Protests in Belarus demand new elections

Protesters staking out the Belarusian capital's main square to demand a new vote in disputed presidential elections found new optimism Wednesday as the sun shone and temperatures climbed above freezing Wednesday. The warming conditions raised the spirits of demonstrators who had been beleaguered by frigid weather since they began their protests Sunday demanding a new vote after that day's election returned authoritarian leader Alexander Lukashenko to power.

Opposition leader Alexander Milinkevich has urged demonstrators to keep up the daily vigil until a major show of strength Saturday. "I'm glad it's warm, that will help us stay here," said Viktor Donich, a 25-year-old computer programmer, one of about 300 demonstrators forming a human chain around about 15 small tents set up to provide the protesters a bit of emergency shelter. "We will stay here until we win."

The prospects of achieving a huge crowd that could force that victory seemed slim. The rallies attract 5,000-7,000 people at night, but dwindle by about 1 a.m. , when the last city buses make their runs. Nor is there a sense that support is growing. Cars passing the election-night rally the biggest at about 10,000 people blew horns in solidarity. At midday Wednesday there wasn't a honk to be heard.

Milinkevich stood in virtual darkness on Tuesday night as he urged some 700 demonstrators to remain strong and return for a weekend rally. Demonstrators bounced to music and against the cold  and chanted "Mi-lin-ke-vich! and "Long Live Belarus ! "Come here every day to speak of freedom," Milinkevich said.

While police have not moved to disperse protesters, they persisted with the arrests and harassment that marked an election campaign widely denounced as unfair. A police commander pledged not to move against the demonstrators, deeming the display too "pathetic" to cause the regime concern. Milinkevich's staff claimed Tuesday that 109 people were detained in connection with the protests, as authorities apparently sought to keep protest numbers down and unsuccessfully to prevent people from bringing food to the tent camp.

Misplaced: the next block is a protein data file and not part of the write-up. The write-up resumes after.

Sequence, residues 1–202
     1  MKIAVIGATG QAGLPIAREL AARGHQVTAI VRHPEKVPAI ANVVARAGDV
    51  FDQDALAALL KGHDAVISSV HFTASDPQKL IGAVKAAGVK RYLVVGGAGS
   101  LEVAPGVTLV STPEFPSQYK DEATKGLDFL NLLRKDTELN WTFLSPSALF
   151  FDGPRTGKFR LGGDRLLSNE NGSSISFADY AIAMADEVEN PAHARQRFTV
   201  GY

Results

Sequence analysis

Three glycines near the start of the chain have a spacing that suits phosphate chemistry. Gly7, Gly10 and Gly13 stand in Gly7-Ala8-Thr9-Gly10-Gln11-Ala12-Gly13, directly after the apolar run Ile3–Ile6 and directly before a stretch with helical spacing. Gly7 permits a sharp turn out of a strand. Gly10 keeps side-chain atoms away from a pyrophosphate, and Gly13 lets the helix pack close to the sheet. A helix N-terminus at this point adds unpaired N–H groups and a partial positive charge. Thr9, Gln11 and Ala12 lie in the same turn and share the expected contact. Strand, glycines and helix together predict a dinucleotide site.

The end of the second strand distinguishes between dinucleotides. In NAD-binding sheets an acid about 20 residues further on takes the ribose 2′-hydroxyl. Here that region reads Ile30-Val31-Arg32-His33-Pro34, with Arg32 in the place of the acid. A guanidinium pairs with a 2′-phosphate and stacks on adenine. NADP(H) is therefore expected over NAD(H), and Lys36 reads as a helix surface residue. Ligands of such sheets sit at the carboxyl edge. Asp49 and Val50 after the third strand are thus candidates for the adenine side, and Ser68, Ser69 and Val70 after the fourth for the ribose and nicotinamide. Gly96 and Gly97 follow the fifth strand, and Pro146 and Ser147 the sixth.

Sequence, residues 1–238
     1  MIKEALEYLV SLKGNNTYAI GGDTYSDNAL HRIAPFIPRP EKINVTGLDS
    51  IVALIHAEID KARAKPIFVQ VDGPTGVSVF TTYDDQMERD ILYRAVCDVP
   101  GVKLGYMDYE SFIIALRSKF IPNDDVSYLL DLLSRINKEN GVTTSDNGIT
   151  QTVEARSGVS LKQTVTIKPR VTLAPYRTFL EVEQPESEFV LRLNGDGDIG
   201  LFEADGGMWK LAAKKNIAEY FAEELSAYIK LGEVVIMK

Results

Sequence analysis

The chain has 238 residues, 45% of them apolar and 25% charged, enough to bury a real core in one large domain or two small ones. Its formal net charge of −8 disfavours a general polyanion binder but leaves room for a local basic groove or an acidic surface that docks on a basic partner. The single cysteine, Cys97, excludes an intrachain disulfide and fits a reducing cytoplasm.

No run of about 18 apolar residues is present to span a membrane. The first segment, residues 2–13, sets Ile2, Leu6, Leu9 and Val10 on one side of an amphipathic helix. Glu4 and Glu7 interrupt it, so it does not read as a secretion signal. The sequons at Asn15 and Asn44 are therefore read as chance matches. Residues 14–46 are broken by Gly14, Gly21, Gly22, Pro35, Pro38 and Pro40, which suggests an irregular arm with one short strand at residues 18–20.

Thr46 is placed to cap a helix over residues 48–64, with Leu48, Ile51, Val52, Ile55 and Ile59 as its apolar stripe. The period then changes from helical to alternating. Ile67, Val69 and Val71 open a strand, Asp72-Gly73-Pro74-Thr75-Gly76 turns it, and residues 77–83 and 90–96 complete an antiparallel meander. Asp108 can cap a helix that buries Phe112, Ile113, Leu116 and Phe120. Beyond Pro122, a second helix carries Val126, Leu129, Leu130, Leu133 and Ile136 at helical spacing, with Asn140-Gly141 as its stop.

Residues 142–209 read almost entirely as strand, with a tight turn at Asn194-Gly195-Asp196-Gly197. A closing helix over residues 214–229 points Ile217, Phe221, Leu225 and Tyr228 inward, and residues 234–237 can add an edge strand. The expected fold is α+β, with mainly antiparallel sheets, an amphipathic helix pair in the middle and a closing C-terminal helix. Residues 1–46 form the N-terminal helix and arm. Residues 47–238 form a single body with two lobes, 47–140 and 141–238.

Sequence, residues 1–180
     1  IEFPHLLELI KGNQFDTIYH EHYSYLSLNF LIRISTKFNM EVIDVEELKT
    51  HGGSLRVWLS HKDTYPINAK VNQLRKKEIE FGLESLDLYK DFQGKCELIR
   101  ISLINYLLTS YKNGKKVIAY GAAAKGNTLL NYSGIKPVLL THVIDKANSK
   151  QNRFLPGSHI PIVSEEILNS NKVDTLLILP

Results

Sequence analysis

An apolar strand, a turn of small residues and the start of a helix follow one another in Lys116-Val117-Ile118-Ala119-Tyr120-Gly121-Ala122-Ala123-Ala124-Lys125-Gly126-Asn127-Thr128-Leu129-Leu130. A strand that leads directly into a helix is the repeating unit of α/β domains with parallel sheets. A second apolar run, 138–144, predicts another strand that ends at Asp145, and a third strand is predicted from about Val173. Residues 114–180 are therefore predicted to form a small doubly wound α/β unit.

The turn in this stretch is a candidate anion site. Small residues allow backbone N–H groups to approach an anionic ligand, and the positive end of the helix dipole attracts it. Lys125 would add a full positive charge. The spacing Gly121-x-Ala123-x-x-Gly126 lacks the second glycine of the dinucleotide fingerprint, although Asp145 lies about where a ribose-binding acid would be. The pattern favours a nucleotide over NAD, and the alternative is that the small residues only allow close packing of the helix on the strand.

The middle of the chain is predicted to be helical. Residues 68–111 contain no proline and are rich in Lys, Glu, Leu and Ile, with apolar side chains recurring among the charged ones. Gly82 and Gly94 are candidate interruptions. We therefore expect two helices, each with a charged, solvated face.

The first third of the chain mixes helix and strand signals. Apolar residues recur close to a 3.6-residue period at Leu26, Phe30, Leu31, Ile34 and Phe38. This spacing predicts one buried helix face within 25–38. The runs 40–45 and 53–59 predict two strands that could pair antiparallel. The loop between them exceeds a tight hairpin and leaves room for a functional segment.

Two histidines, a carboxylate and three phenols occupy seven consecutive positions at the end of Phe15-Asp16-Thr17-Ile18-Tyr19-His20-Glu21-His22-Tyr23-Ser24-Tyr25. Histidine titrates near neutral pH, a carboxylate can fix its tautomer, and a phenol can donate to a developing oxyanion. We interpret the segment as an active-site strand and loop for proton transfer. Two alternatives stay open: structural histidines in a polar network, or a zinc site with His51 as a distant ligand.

Two senior opposition figures, United Civil Party leader Anatoly Lebedko and his deputy, Alexander Dobrovolsky, were detained Tuesday and sentenced to 15 and 10 days in jail, respectively, for participation in an unsanctioned protest. The head of a leading opposition newspaper was detained near the square Tuesday. Showing bruises on his face and chest, protester Mikhail Avdeyev said three riot police beat him up early Wednesday when he left the tent camp to buy cigarettes. He had been carrying the red-and-white national flag that Lukashenko scrapped in favor of a Soviet-style version. He said his attackers tied it in knots when they could not tear it apart.

"They beat me up, but I am still standing here for Belarus ," he said. Riot police regiment commander Yury Podobed told reporters Wednesday that the rally would not be suppressed, Interfax news agency reported. He described the demonstrators as being between 15 and 27 years old and numbering no more than 120.

"I suggest that you climb to the roof of the Republic Palace (located on Oktyabrskaya Square ) to take a look at this pathetic scene," Interfax quoted him as saying. According to the official vote count, Lukashenko, a former collective farm director who has been in power for 12 years, won with nearly 83 percent. Popular among many Belarusians for providing economic and political stability, his victory had been expected.

But Milinkevich, who electoral officials said received 6 percent, called the incumbent's tally "monstrously inflated." In an interview Tuesday with The Associated Press, he said a new election should be held, with Lukashenko barred from running. Milinkevich waded into the crowd surrounding the tents with his wife early Wednesday, shaking hands, consulting with protesters about their determination to stay put.

A bearded, silver-gray-haired 58-year-old who has been a physicist, city official and rights activist, Milinkevich has a warm, worn face and a sometimes sheepish smile. Addressing the crowds in the square in a coat and scarf of the opposition's blue color, he acknowledged applause with his arms raised high but his head slightly bowed with humility.

His push for a new vote is supported by the United States which calls Lukashenko a tyrant and along with the EU is mulling over punishment for an undemocratic election but faces major obstacles in the struggle against a leader determined to stay in power. A major test could come Saturday, with Milinkevich calling for protesters to come out in force on the anniversary of the declaration of the first, short-lived independent Belarusian republic in 1918. "We will stay here until the 25th, and on the 25th we will gather here to fight for our future," he said, speaking on the third night of protests, reports the AP.


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